So it’s really interesting to kind of take a step back and think about, okay, what skills does she have as a writer and a marketer that will help her be a better nurse and maybe apply a unique lens to what she’s doing now? So I think for those people who are in that position, the sky’s the limit like I don’t want to, I think there’s a balanced CVS struck with like, being overly optimistic and just being realistic. 


But you’re in a position where you can say, Okay, what skills do I have? What are my strengths? What do I want to do, what fills me up? Or what satisfies me? And where do I want to spend my time and work like we all have to work? And then what’s going to be fulfilling and then maybe there’s something different that you can kind of pivot to or maybe you want to do the same thing, and there you might have a different lens on it as well.


Kenny Soto 4:19  

What specific advantages do you think being a former journalist gave you to the role you have today?


Chelsea Castle 4:26  

Yeah, so I love this question because a lot of my likes, favorite, and some of the best marketers out there I think are from former journalists. So there’s a lot right so a lot of what I see content creators saying these days in terms of like when they’re giving advice or journalism basics, so show don’t tell us the inverted pyramid. 


What’s the so what factor you know readers are selfish so like, so what like what value are you giving in your content? Always get the name of the dog is one of my favorite lines that former professor One friend used to say. And that’s just to say like focus on the details focus on things that you may not pay attention to. 


So all of that to say, journalism requires a lot of critical thinking and a lot of taking a lot of data. And not just numbers, like research articles, qualitative, and quantitative data, and records, taking a lot and distilling it into something that’s simple. It’s hard to express complex ideas in simple words.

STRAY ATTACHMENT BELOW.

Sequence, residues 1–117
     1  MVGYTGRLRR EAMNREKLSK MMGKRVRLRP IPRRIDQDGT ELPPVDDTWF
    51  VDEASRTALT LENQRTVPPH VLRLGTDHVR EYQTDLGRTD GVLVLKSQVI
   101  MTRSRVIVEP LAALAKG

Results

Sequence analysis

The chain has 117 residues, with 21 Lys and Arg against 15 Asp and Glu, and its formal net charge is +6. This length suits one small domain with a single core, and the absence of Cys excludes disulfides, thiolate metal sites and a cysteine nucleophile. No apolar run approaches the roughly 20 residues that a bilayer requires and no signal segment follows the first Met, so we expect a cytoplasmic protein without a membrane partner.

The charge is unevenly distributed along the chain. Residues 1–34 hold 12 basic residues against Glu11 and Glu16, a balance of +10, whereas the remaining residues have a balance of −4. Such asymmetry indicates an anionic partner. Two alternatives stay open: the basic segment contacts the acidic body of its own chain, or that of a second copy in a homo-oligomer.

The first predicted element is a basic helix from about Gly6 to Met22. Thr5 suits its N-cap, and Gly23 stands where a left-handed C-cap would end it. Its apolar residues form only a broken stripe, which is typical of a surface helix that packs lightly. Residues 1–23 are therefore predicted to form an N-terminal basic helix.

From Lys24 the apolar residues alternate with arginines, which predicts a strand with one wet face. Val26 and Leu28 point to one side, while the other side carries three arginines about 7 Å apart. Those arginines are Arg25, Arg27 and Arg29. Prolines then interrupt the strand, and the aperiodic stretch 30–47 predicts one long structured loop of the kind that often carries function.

So journalism at its core is really focusing on writing and taking a lot and turning it into something that’s simple, concise, but also compelling, and kind of draws on like a shared humanity of Why are you asking someone to take time out of their day to read whatever it is that you’re writing. So those are a few of the things that as a journalist you, like, are, like really beat into you. And like, you just get a lot of experience or like repetition. I think there’s also an advantage to being a good interviewer. 


And as a journalist, you have to write about subjects that you may not know a lot about, which as content marketers, you might enter a job or honestly, like not just content marketing, I think any role in sales or CS or all sorts of roles, you might enter a new job, you’re like, Okay, well, I’m selling data software, but I don’t know the difference between data or metadata. Journalism and probably a lot of other skills and disciplines out there help you understand the right ways to learn more about a subject in order to then write about it, sell it marketed, etc.


Kenny Soto 6:30  

You are touching on a hot-button topic that I’ve been trying to debate, both internally in my team, but also just internally with myself, which is now that we have these tools, chat GPT, and all these other tools that are built off of their language learning model. There’s this debate on whether or not marketers, writers, etc, are going to be replaced. That might be a very extreme question, but it does beg an answer, which is, Should we be worried about AI tools? Or are there still going to be unique use cases where a human needs to be involved in the content marketing process?


Chelsea Castle 7:12  

Yeah, I’m really glad you asked this question. It’s something that we’re talking about a lot internally, as you might suspect, as an AI company. And when I started, one of the reasons why I wanted to work at lavender was to better understand AI and DBT, 3d and machine learning, like, what does all this mean? How does it work, I’m still learning, and I’m going to share my personal opinion, but also alliances with the product. 


Something that’s really important to me is always thinking about the human on the other end, as a marketer. So when you’re emailing someone that’s an actual human, when you’re cold, calling someone that’s an actual human, you’re interrupting them in their day. That’s one thing that AI tools can’t do, and I don’t think we’ll ever do. AI tools are important. 


GPT three has been baked into lavender as a tool for several years, I think we’ll start to see TPT three and GPT, five, and all sorts of machine learning integrated into so many tools just for the rest of our lives, I think, at least for now, you know, from where I sit and like a learner’s seat. I think it’s really important for people to start educating themselves on what it means. So like, when chat TPT three came out, or GPT, so many acronyms, and numbers, when it first came out, you know, I had my mom sharing things like, oh, Canva has an AI tool.